This week on Photojournalism Now: Friday Round Up – International Month of Photojournalism in Padua, Italy and some of the 2019 finalists in the Association of Photographs (AOP) Award. Don’t forget Head On Photo Festival is on in Sydney until 19 May and its 10th anniversary program is just brilliant. Check out the Australian preview here and the Internationals.
International Month of Photojournalism – Padua
This is the first festival in Italy to solely focus on photojournalism. For those lucky enough to be in Padua this festival offers a marvellous opportunity to see work from around the world by some of the most renowned photojournalists and documentary photographers working today.
Opening tonight, 10 May, the International Month of Photojournalism (IMP) features 20 curated exhibitions as well as independent shows, along with workshops and various talks, plus portfolio reviews, projections and evening concerts: a wondrous cultural mix as you would expect in Italy. Although it is worthwhile noting that there are few women in the main exhibition lineup, a tedious, recurring fact that really should have gone the way of the dinosaurs by now.
Festival director Riccardo Bononi says photojournalism today plays an integral role in connecting the world to important stories of conflict and social issues. “Photojournalism is a way to turn anyone into a participant, to make them aware of their own fundamental role even in the most controversial and geographically distant issues.” It is heartening to see that Padua is embracing the didactic capacity of the photograph and its function as evidence.
Some notable exhibitions include:
Giulia Nausicaa Bianchi – Women Priests Project
Focusing on religious disobedience, this multimedia project addresses the denigration of women within faith traditions.
Claudia Gori – The Sentinels: Electrosensitivity in Italy
This series explores the lives of those who believe Electro-Hypersensitivity (EHS) is a global health issue.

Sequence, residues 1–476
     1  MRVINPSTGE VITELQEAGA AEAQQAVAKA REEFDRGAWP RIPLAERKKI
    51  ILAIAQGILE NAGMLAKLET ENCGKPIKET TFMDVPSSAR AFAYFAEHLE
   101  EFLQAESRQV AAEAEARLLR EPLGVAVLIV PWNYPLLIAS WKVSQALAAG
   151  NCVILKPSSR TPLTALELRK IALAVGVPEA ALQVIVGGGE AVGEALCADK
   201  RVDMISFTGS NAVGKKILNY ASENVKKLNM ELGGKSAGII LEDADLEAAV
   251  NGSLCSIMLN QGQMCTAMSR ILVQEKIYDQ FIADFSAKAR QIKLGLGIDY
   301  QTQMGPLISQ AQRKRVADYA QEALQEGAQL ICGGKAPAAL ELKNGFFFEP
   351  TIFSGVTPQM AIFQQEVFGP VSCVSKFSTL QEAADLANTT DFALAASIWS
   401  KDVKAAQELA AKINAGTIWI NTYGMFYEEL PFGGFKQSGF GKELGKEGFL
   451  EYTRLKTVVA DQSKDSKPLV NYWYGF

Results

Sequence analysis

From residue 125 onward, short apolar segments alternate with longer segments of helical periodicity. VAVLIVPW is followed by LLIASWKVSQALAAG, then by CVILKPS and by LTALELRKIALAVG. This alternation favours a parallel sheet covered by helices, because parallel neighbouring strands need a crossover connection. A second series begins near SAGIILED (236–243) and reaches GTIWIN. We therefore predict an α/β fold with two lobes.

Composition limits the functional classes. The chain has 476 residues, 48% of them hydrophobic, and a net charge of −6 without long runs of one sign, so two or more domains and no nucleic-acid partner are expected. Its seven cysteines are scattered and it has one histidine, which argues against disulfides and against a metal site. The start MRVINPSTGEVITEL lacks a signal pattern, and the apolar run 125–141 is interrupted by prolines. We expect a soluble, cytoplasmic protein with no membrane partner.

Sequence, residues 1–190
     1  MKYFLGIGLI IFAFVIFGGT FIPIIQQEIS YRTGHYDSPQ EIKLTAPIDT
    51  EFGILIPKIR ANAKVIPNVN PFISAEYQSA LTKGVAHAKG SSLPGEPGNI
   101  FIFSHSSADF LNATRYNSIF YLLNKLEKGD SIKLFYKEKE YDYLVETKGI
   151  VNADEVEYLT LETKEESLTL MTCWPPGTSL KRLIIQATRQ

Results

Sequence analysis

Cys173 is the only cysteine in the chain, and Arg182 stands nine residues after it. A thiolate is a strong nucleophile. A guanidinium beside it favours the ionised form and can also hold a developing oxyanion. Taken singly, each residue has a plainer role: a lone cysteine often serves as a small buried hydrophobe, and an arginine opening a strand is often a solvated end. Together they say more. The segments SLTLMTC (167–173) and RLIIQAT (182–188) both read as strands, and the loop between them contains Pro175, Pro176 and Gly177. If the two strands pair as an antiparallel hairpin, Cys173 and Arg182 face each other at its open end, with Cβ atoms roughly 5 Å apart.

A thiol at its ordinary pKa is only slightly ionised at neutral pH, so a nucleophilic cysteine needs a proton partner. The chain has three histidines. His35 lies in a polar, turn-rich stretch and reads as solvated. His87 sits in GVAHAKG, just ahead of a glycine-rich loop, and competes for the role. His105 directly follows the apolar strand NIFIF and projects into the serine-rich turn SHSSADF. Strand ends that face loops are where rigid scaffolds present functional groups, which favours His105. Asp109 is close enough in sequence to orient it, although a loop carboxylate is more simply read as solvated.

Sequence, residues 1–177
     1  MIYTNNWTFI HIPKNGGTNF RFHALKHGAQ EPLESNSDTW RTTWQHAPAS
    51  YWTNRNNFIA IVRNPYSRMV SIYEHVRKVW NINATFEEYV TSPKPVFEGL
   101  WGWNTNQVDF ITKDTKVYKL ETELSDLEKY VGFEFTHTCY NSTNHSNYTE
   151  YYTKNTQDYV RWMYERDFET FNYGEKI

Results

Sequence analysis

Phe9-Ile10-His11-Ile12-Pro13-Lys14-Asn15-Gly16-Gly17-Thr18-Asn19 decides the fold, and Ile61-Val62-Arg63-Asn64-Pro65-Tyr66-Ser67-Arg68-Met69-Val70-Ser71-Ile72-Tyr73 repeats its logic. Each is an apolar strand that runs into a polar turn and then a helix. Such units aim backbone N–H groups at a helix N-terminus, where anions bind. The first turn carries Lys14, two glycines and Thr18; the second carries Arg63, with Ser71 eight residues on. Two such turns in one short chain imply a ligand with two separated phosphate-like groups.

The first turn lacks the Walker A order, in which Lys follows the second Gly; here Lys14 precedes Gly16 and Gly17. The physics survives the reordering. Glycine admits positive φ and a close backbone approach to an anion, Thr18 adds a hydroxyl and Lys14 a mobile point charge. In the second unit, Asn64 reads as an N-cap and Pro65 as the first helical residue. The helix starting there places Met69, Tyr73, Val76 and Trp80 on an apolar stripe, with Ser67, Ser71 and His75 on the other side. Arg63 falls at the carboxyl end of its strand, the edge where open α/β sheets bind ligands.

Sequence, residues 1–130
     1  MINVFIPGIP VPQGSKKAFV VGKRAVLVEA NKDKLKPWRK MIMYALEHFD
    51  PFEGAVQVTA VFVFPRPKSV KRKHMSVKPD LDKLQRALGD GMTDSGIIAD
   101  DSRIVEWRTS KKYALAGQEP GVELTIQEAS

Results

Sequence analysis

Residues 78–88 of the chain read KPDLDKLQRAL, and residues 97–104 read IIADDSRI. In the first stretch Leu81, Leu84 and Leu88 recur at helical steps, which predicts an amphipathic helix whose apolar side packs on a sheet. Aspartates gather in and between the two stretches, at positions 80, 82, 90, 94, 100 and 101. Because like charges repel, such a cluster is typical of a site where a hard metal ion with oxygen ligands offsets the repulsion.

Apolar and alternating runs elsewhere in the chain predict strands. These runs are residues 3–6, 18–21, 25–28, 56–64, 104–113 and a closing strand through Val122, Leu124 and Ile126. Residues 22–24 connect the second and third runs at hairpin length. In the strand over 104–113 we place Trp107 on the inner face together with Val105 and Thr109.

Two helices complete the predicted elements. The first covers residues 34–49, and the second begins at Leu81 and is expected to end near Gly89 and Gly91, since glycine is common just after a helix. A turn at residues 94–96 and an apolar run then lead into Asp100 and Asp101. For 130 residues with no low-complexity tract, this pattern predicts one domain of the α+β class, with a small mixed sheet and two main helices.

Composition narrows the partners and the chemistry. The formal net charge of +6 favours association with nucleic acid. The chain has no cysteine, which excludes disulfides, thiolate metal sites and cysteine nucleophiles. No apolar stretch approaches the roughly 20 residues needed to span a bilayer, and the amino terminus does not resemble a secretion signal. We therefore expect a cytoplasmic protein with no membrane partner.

Alex Webb – The Suffering of Light
This is the first comprehensive monograph charting the career of acclaimed American photographer Alex Webb.
Thomas Dworzak – Feldpost
Feldpost was the name given to the German military postal system used before, and during, World War I. Over the last seven years, Thomas Dworzak has created an annotated image for each day of the Great War – over 1,500 of them in total – to create a vision of the war which conveys its truly global nature.
Mads Nissen – We Are Indestructible
A narrative on the civil war in Colombia, a story Mads Nissen has been covering for nearly a decade.
Peter Bauza – Enduring Times
A visual investigation into the humanitarian crisis in South Sudan.
Patrick Brown – No Place On Earth
Australian Patrick Brown is also exhibiting and will showcase his new book that stands as a profound testament to the Rohingya genocide, No Place On Earth, which was awarded the FotoEvidence with World Press Photo Book Award this year. On May 12 at 5pm Régina Monfort and David Stuart of FotoEvidence will be in discussion with Brown.
Until 26 May, various venues, International Month of Photojournalism, Padua
Association of Photographs (AOP) Award 2019
Now in its 35th year, the AOP Awards are considered the “Oscars of the photography world” and this year attracted more than 2000 entries across 12 categories. Winners from the 240 finalists will be announced next week on Tuesday 14th May.
Here is a look at some of the finalists in the photojournalism and environmental categories:
Until 31 May, One Canada Square, Canary Wharf, London